I am not suggesting that is the only reason. I am saying the dynamic is so vast that there are too many environmental factors involved to come to a conclusion that spanking is the reason for violence. I find it extreme to say spanking is violent. Or anti-productive. I find that neglect and permissiveness is the main factor for the problems with youth today.

        Morals in society have declined and I don’t need to look at statistical data to know that. I have observed it firsthand. My parents and grandparents have observed it firsthand. No amount of data can convince me otherwise. To me it reminds me of a pots and pans salesman that tried to convince me that I needed to buy these expensive pots for around $1000. He had statistical data that showed how much energy the average household used in cooking. These pots and pans were so energy efficient that you could stack the pots on top of each other and conserve energy. The data was accurate, you could save money with them. And the sales pitch was that how could you afford “Not” to have them? The amount you save in energy over time will easily pay for the pans. At this party I seen many people buy into that pitch. Later they found they didn’t save any money. The problem was the people didn’t consider “All” the facts. They didn’t take into account that they didn’t cook a meal with pots and pans everyday. Sometimes they ate out. Sometimes they ate cold food. Sometimes they microwaved something quick. So although the data he showed was accurate, there were factors that were not considered. My point is that I’ve seen these studies show one thing and everyone jumps on the bandwagon and then later the study is reversed.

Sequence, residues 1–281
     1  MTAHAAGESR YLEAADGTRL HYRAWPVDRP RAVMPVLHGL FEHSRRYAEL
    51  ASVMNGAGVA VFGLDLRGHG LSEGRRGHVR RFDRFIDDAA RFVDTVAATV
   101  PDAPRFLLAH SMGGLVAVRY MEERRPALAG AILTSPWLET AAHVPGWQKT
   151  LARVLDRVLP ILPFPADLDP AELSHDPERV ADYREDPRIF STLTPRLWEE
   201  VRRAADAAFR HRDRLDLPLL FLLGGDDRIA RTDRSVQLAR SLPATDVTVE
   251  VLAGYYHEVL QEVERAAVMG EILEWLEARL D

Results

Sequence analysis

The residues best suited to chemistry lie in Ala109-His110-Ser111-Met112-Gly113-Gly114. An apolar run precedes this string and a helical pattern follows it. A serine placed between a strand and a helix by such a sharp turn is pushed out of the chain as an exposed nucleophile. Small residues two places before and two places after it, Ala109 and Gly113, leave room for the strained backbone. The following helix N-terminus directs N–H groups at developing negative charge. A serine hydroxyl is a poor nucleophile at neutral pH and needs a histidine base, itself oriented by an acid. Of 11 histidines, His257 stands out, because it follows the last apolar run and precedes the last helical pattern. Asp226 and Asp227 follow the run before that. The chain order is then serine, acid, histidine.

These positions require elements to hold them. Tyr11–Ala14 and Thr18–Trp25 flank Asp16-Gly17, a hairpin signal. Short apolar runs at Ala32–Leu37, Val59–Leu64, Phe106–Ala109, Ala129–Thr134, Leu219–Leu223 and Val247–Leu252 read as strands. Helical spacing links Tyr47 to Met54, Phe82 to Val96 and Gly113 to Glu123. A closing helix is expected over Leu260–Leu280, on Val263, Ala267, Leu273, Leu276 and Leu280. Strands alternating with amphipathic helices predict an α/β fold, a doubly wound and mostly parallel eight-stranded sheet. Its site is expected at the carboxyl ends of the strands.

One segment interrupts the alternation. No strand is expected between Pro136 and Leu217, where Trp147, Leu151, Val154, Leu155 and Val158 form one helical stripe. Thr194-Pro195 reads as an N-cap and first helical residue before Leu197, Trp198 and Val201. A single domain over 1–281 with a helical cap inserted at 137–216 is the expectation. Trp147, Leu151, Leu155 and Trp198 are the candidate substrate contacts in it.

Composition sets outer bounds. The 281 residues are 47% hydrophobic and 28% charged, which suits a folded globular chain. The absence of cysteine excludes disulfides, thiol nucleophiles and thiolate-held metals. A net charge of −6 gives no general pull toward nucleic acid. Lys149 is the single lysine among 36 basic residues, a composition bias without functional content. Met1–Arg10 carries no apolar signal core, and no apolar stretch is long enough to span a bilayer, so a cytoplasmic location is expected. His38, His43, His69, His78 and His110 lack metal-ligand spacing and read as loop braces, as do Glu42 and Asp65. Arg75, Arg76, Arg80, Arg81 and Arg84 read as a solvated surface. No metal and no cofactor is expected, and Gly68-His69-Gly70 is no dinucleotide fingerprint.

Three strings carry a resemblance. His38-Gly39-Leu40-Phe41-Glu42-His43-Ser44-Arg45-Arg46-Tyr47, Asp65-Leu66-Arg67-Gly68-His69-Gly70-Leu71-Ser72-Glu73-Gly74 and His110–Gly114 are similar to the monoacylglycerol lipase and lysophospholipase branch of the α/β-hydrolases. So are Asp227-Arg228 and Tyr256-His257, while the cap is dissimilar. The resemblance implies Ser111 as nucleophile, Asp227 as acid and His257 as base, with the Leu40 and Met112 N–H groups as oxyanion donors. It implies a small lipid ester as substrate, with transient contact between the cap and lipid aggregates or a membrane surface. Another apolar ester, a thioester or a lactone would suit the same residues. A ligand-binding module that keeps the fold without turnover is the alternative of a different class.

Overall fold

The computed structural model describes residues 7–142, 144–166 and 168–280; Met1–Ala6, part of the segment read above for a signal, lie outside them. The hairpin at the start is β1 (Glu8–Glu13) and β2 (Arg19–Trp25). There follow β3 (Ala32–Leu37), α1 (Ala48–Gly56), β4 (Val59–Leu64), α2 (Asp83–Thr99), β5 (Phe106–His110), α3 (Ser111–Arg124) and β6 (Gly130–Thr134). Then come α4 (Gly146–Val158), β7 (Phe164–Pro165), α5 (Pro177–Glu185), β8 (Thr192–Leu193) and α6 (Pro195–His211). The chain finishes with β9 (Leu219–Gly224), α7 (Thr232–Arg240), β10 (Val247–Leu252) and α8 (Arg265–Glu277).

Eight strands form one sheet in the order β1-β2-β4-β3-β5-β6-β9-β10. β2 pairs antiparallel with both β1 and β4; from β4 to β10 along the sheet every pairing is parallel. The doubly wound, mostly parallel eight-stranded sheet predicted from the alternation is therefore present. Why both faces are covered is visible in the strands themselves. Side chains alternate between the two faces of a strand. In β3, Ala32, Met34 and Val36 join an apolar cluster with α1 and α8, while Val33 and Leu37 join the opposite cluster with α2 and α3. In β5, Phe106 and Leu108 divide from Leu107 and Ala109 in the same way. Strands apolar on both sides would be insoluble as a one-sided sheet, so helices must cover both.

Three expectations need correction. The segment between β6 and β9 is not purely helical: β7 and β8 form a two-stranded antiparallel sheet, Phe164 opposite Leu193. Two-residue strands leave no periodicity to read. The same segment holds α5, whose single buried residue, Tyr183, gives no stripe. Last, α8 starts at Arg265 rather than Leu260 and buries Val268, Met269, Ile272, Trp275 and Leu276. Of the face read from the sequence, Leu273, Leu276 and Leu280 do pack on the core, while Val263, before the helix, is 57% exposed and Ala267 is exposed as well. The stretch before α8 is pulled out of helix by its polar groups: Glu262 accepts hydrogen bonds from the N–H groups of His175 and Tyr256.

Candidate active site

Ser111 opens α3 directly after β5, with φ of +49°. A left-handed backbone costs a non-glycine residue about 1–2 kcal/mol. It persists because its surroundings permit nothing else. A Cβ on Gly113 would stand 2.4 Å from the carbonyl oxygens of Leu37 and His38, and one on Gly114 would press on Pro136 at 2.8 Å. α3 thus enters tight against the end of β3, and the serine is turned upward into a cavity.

Can you provide me a link to the alternatives for spanking? What do you suggest? I am not unreasonable and am open to more than one way of doing things but I don’t think spanking is what it is made out to be on here!

  10. You may not agree with the research, and often it is difficult to believe if it goes against your belief system. I do appreciate that you are open to alternatives. Check out our page on resources that offer alternatives:

    Another study just came out today on how spanking is correlated to health problems: Why health problems? Because spanking can alter brain development in young children.

    Thank you for taking the time to comment and explore this site. I hope you will share it with your friends and family.

  11. Pingback: In Conversation with Robbyn Peters Bennett | CATHOLIC ATTACHMENT PARENTING CORNER

  12. Mirela says:

    People who believe that spanking is necessary for discipline should look at the (violent) crime statistics in the US vs European countries like Sweden and The Netherlands where spanking is illegal. Enough said.
    (Clearly, it is entirely possible to raise a whole generation of humans *without* using physical violence….)